Reasonableness in an Argument

Reasonableness is the English representation for needing sufficient evidence to support a conclusion. In other words, the argument needs to be reasonable. When listening to an argument, it is important to remember who the argument is coming from. The speaker or writer may have a bias or misconception that is shaping their argument that may hurt their credibility, thus reducing their reasonableness.



In many cases, it is important to be able to evaluate an argument on the basis of how reasonable it is. There needs to be sufficient evidence provided to support a conclusion.

We have an example right here: “I do not think your car is running correctly. You need to take it to a mechanic.” Here, there is a conclusion. The conclusion is the whole second sentence.

Now, how did we arrive at this conclusion? From the first sentence. “I do not think your car is running correctly.” This is evidence. We need to investigate whether or not we can say that this argument is reasonable. There are lots of factors we need to take into consideration.

Starting off, many people would not even think of this as an argument, but it actually is. Your friend has reached a conclusion and is trying to convince you that his conclusion is correct by presenting the evidence he based it on. He’s telling you that you need to take it to a mechanic and the reason why he doesn’t think it’s running correctly. It’s your job to determine if this is sufficient evidence to prove this conclusion. It depends on some different factors. How long have you known your friend? How much does he know about cars? Does he own an auto repair shop? Is there some kind of conflict of interest here? If you trust the person who told you this, and you think your friend has a good track record when it comes to cars, then this argument would probably strike you as quite reasonable.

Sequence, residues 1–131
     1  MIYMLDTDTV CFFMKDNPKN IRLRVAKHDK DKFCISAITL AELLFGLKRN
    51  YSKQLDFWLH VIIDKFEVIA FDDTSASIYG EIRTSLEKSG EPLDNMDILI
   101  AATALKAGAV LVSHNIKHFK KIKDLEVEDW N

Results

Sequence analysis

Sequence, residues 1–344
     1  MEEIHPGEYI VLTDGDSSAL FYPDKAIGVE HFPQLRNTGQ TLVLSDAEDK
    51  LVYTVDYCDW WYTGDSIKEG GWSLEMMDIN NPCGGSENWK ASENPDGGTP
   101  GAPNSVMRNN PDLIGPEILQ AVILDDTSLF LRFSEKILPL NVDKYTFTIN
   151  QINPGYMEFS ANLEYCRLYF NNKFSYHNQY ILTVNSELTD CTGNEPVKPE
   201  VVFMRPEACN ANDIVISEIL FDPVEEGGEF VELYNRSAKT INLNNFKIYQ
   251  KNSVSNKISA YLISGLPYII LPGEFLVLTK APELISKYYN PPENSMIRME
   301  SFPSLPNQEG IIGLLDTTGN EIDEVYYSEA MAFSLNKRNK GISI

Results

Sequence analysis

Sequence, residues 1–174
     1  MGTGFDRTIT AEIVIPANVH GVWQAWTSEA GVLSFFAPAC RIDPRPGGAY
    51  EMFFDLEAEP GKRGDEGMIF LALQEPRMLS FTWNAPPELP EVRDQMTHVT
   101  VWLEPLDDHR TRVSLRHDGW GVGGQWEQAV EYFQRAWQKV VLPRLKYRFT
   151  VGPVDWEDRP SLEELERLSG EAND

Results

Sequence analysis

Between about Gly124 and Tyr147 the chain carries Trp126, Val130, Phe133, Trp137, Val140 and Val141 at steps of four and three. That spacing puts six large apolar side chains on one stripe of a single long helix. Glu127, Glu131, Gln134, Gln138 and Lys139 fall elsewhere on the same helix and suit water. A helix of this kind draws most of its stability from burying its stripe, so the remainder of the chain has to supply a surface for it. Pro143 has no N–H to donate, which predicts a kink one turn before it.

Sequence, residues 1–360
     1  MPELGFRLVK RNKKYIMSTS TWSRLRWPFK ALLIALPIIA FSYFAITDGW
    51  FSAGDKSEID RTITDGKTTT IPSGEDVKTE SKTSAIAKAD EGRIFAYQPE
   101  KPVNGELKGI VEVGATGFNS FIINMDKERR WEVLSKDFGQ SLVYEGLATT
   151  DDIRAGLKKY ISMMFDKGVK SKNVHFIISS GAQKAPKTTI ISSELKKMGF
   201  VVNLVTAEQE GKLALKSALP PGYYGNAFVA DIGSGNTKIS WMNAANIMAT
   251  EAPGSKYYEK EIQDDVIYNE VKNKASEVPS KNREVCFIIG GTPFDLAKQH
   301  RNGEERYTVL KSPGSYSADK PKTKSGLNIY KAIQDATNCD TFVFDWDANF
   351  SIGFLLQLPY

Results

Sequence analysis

In that case, the fact that your friend says that the car needs to be taken to a mechanic would be enough evidence for you to agree with your friend’s conclusion. Once you take the factors into consideration, you can then decide whether the evidence is sufficient.

Provided by: Mometrix Test Preparation

Last updated: 04/06/2018


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